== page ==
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865,000 women dropped out of the workforce in September

Staggering job loss figures disproportionately impact women of color

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The pandemic has wreaked havoc on the economy and the way we work, and this appears to be especially true for women struggling to care for children and provide for them at the same time. In the midst of a forced e-learning crisis and general health crisis of epic proportions, Bureau of Labor Statistics (BLS) figures from Friday show that 865,000 women left the workforce in September.

Especially troubling is the fact that this figure surpasses the total number of jobs added to the economy (661,000) last month. Also note that only 216,000 men left the workforce in September, further proving women are taking a greater economic hit when it comes to their careers.

The news is particularly bad for women of color. BLS figures show that of the 865,000 women who left the workforce in September, 324,000 were Latina and 58,000 were Black women.

Women hit especially hard by the pandemic

According to an analysis from the National Women’s’ Law Center, women have suffered more job losses from the pandemic overall. Since February of 2020, women have lost nearly 5.8 million jobs, the study notes, which accounts for 53.9% of all job losses combined since the crisis began.

Further, even as unemployment figures dropped to 7.9% in September, unemployment rates still remain high for Black and Latina women, who were unemployed at rates of 11.1% and 11%, respectively.

When you consider most women take on more of the household responsibilities and child-rearing, it’s easy to see why this is the case. After all, a 2020 report published by Lean In showed that women in relationships with men were more than three times as likely to handle the bulk of childcare and housework during the pandemic. For single mothers without any help, the challenges are even greater.

By and large, many women are finding it impossible to help kids learn at home while continuing to work at home or anywhere else. Add in the stress of having an entire family quarantined, and many women, mothers especially, are finding themselves in a lose-lose situation where something has to give.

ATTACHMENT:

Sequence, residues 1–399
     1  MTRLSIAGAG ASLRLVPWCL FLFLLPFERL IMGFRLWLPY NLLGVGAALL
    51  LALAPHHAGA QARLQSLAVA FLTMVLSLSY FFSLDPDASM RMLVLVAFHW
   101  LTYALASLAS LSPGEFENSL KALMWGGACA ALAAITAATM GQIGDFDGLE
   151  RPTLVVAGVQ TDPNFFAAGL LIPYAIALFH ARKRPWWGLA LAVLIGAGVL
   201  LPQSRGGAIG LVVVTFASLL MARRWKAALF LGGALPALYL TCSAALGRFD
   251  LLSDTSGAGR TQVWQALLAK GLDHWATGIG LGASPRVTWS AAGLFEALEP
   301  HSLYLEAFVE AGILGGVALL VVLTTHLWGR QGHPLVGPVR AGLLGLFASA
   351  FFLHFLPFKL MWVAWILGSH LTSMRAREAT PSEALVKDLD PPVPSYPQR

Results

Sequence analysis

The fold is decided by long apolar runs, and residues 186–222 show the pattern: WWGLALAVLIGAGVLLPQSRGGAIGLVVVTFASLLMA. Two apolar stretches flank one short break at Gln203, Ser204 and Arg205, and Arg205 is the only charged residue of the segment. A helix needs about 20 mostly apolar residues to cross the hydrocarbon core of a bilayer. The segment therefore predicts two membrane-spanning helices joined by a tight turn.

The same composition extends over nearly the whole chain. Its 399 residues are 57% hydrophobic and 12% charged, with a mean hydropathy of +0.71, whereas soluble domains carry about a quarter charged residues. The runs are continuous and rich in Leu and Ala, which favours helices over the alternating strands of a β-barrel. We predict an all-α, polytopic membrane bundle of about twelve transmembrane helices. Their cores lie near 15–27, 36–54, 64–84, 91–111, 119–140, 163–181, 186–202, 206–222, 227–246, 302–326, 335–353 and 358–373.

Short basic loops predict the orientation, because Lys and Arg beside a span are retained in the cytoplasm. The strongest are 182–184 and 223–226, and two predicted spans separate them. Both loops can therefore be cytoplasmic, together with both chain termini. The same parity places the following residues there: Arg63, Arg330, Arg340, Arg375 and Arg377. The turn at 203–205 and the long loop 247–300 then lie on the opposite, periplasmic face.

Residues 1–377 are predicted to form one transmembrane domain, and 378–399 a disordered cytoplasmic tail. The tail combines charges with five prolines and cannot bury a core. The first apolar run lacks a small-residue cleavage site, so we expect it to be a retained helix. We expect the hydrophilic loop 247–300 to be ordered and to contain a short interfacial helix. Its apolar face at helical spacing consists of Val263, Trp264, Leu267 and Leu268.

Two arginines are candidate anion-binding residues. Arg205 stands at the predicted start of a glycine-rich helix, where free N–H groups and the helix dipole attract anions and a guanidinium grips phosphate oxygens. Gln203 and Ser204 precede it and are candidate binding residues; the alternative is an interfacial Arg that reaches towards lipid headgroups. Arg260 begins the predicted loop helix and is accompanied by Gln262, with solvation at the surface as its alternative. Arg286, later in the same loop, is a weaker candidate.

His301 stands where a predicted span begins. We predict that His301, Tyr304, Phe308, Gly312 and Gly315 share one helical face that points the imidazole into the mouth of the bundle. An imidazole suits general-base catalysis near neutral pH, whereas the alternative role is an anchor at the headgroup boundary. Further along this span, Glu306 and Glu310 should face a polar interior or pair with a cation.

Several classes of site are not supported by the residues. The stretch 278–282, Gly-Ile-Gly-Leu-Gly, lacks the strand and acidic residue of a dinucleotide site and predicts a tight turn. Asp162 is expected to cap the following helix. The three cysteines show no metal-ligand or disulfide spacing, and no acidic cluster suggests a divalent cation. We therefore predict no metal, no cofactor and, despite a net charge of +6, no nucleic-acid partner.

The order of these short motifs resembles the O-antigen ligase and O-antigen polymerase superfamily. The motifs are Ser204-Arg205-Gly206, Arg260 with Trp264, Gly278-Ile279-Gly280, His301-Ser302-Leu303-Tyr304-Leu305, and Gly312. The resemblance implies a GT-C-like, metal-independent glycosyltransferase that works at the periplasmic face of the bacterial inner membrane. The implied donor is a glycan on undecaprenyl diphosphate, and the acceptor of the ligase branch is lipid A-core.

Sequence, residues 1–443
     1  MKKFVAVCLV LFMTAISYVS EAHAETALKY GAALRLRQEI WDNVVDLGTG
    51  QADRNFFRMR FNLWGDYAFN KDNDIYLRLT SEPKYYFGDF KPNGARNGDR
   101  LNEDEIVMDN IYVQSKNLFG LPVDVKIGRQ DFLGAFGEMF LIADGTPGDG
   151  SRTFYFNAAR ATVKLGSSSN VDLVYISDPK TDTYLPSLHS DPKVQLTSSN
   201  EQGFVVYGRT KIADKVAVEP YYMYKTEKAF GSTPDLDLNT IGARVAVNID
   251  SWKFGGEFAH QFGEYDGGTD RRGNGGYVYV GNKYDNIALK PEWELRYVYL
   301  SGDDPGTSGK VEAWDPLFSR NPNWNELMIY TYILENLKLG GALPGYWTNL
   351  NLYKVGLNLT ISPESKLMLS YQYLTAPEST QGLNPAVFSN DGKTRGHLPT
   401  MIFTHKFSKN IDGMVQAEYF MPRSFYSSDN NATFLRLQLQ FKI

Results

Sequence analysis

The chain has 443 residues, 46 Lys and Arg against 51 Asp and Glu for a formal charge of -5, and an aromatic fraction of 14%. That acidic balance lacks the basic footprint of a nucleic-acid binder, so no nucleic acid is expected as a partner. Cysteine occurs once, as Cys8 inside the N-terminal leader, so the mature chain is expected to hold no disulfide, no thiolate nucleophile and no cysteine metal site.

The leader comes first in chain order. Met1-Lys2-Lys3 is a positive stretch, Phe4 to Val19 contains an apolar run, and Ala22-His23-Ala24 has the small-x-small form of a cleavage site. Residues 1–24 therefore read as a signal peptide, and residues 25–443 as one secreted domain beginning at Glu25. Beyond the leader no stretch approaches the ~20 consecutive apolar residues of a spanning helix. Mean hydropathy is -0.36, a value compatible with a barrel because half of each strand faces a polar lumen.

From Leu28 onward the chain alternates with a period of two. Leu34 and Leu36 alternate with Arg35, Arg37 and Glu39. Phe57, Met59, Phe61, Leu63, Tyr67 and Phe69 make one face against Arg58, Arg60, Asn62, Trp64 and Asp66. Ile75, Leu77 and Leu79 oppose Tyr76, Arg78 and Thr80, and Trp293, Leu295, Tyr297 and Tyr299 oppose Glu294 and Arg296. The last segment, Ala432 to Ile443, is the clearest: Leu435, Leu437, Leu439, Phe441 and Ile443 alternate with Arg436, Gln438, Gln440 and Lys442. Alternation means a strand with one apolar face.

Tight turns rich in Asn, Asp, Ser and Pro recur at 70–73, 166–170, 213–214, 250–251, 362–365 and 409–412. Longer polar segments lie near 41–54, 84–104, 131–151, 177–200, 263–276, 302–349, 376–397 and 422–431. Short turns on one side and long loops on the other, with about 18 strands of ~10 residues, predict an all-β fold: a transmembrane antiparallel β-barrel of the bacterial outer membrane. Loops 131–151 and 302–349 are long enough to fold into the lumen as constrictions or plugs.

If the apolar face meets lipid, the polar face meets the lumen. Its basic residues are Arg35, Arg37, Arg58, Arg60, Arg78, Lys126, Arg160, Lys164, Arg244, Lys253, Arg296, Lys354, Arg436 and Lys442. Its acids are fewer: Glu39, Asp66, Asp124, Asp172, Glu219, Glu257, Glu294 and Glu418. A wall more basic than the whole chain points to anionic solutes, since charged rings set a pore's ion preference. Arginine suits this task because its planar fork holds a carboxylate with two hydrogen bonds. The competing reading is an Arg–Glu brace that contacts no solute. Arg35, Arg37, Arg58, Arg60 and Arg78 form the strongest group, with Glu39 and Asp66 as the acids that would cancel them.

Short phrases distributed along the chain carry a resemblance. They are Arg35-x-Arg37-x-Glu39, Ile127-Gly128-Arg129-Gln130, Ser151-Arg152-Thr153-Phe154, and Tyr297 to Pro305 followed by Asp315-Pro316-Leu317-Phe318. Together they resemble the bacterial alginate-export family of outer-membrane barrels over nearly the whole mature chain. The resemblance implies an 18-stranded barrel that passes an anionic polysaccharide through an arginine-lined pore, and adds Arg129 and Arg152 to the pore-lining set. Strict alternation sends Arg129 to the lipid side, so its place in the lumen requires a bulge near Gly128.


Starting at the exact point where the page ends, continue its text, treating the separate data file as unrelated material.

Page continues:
Future of women in the workforce

While some women who left the workforce in September were laid off, others left on their own terms. The Lean In study points to an array of reasons many employees, and especially women, are choosing to downsize or even end their careers. This includes lack of flexibility at work, feeling they always have to be “on,” worrying their performance is lacking due to household obligations and feeling continuously blindsided by factors beyond their control.

Of those surveyed, women still considering making a change in their careers due to the pandemic were weighing cutting their work hours (17%), switching to a less demanding job (16%), taking a leave of absence (15%), going from full-time to part-time (8%) and simply leaving the workplace altogether (7%). Meanwhile, fathers were considering these options at considerably lower rates: cutting their work hours (9%), switching to a less demanding job (11%), taking a leave of absence (9%), going from full-time to part-time (2%) and simply leaving the workplace altogether (4%).

Experts worry companies will lose women in important positions, and especially in leadership positions in firms nationwide. Data from the National Women’s Law Center shows female senior-level employees are frequently held to higher performance standards than men, and “they may be more likely to take the blame for failure – so when the stakes are high, as they are now, senior-level women could face higher criticism and harsher judgment.”

Women have made great strides in the workforce over the last few decades and even the last few years, yet COVID-19 appears to be hindering that progress. We can only hope employers begin offering more resources and support.

The National Women’s Law Center says companies who identify the problems and address them have the best chance at helping their employees get through this difficult time in a way that is “flexible and sustainable” for everyone.

“If not, the consequences could badly hurt women, business and the economy as a whole,” they write.

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